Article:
Low enough to make a difference? Remember the water is constantly flowing through the canister. The Co2 doesn't get pumped in there and just sit there. The cycle is very fast.. so you have fresh new water from the tank in your canister every minute or so.


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post #12 of 27 (permalink) Old 12-06-2011, 09:22 PM
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IDK, that's why I say "may be".

Regardless, I couldn't do it that way without air building up in the canister. My bubble rate is way beyond the countable range, almost a stream.
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post #13 of 27 (permalink) Old 12-06-2011, 09:25 PM
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I don't think its a good idea, just for the sake of the impeller.


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post #14 of 27 (permalink) Old 12-06-2011, 09:33 PM
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10 bubbles of CO2 will have a much greater impact on 1 gallon in the canister than it will on 40 gallons in the tank, a random example.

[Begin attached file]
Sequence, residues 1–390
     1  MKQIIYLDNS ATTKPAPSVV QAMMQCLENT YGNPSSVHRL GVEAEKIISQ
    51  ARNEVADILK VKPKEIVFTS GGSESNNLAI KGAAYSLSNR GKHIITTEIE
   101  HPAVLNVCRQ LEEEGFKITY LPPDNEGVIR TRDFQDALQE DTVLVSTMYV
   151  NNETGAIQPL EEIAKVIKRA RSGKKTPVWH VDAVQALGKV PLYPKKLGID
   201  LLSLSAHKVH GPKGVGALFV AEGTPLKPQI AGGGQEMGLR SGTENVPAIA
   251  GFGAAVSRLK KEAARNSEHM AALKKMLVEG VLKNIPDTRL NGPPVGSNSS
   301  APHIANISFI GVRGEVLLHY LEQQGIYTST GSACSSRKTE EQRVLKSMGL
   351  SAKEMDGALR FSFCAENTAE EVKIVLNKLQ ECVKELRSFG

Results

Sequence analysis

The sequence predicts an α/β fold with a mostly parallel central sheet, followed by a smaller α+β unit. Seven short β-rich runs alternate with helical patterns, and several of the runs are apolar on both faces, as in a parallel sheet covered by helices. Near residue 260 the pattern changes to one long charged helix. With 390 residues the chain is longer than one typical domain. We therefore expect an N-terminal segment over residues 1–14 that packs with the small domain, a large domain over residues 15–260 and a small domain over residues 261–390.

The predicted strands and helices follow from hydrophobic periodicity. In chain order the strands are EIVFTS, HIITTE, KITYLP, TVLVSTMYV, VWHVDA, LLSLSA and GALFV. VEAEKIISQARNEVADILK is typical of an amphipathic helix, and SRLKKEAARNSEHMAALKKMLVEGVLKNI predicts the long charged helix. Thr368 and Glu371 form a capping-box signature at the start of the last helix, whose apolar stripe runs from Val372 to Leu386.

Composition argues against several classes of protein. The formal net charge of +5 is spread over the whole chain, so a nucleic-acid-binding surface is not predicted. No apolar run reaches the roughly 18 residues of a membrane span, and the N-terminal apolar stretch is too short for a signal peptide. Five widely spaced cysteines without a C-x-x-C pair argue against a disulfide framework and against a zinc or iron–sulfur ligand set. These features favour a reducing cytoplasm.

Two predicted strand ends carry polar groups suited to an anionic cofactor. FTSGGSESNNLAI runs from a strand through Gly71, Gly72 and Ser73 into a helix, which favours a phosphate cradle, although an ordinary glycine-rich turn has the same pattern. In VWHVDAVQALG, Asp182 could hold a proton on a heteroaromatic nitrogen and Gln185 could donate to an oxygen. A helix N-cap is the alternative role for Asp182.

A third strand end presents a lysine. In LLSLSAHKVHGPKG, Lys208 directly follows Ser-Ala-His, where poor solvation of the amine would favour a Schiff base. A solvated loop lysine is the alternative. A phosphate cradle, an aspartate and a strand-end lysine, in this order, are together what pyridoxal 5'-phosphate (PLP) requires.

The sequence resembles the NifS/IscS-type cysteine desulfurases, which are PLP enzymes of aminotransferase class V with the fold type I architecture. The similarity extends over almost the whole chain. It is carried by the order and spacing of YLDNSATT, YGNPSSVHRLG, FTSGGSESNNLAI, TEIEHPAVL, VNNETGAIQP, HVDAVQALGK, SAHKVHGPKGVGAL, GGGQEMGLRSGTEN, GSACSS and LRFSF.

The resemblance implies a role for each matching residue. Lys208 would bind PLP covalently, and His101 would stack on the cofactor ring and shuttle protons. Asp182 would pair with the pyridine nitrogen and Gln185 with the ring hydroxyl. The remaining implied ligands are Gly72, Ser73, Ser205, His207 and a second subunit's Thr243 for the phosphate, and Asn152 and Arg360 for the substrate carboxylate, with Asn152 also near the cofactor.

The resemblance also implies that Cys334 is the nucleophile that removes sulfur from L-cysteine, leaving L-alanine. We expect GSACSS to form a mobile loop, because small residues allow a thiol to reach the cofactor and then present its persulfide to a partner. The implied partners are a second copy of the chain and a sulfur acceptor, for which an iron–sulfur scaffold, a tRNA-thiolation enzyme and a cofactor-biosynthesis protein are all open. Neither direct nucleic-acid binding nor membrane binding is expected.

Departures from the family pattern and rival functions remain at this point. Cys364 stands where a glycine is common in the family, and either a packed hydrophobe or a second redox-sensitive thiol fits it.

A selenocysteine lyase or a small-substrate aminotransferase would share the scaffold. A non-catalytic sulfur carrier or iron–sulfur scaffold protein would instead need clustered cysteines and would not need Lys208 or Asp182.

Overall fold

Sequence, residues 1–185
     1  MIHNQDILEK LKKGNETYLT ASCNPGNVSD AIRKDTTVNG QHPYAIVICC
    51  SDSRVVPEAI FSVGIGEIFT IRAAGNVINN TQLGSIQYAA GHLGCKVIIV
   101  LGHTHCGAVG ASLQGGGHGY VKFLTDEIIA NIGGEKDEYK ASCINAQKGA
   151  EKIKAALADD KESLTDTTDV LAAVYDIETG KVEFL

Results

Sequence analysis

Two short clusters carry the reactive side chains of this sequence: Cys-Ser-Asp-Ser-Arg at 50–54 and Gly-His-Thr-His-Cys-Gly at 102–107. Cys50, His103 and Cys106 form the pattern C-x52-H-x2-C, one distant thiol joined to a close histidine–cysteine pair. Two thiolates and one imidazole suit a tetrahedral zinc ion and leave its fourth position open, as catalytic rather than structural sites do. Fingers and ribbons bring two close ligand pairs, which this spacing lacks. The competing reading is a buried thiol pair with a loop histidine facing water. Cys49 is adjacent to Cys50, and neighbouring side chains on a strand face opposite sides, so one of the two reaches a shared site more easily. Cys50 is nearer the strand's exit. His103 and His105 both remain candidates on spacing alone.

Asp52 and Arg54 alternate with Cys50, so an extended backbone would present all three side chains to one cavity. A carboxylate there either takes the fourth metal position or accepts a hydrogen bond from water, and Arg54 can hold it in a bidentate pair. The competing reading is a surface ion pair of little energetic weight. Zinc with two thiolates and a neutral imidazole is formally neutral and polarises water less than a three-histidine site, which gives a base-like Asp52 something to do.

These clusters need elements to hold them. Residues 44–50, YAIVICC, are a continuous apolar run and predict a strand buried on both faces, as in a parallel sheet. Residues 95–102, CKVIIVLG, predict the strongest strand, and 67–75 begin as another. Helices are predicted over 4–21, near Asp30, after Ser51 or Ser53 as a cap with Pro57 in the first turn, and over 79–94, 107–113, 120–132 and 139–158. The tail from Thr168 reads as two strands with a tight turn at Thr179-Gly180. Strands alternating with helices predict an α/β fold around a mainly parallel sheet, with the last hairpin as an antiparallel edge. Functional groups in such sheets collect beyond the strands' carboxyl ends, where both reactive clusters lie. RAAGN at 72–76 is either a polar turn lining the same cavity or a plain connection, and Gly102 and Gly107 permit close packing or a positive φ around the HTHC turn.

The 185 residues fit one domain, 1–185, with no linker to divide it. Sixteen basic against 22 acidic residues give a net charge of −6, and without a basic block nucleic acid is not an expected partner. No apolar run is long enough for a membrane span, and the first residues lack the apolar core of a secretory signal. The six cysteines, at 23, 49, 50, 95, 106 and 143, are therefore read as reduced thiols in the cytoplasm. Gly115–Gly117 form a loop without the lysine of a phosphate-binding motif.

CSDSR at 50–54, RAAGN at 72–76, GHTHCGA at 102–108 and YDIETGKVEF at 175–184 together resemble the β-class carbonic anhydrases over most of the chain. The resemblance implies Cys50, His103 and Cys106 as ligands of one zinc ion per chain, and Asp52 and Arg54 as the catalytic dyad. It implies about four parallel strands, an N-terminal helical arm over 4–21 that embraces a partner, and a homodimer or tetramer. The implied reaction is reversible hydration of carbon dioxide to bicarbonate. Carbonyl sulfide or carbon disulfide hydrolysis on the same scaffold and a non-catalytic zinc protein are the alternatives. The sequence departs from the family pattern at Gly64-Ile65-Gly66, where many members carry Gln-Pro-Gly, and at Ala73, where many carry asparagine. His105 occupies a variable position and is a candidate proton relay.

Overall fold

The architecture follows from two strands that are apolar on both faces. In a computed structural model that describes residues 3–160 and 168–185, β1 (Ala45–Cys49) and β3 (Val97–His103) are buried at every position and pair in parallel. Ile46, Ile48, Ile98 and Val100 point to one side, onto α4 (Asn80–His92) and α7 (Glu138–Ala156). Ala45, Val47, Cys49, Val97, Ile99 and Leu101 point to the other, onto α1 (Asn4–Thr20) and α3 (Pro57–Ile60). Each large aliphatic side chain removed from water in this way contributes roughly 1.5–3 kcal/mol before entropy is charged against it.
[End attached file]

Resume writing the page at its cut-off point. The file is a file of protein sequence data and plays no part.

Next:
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post #15 of 27 (permalink) Old 12-06-2011, 10:01 PM
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Quote:
Originally Posted by fresh.salty View Post
10 bubbles of CO2 will have a much greater impact on 1 gallon in the canister than it will on 40 gallons in the tank, a random example.
Yeah, I'm not trying to argue with you.. This is what I'm talking about though.. I don't think you can think of the canister as a "1 gallon" container. My point is, the water is constantly moving through it, way too fast for it to make any difference. If you pump 10bps into a 1 gallon tank, sure the co2 content in the water will be much higher than a 40 gallon. But that's like saying that one corner of your 40 gallon tank is an independent 10 gallon body of water.

So the canister is just an extension of the main tank.. just like a sump. I reckon if you turn everything off at any time, and test the water in the filter (providing you don't shake it up) and the water in the tank, you're going to get the exact same PH reading, as well as every other reading.